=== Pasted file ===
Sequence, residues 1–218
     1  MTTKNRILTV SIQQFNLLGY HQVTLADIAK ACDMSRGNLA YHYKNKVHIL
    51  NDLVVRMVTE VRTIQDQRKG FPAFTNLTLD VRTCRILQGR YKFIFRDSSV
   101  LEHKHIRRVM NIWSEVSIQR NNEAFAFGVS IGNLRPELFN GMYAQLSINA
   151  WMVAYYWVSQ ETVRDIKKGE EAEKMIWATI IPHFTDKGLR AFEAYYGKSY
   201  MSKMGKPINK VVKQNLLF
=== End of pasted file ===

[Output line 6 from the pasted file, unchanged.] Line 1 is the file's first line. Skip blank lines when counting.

   201  MSKMGKPINK VVKQNLLF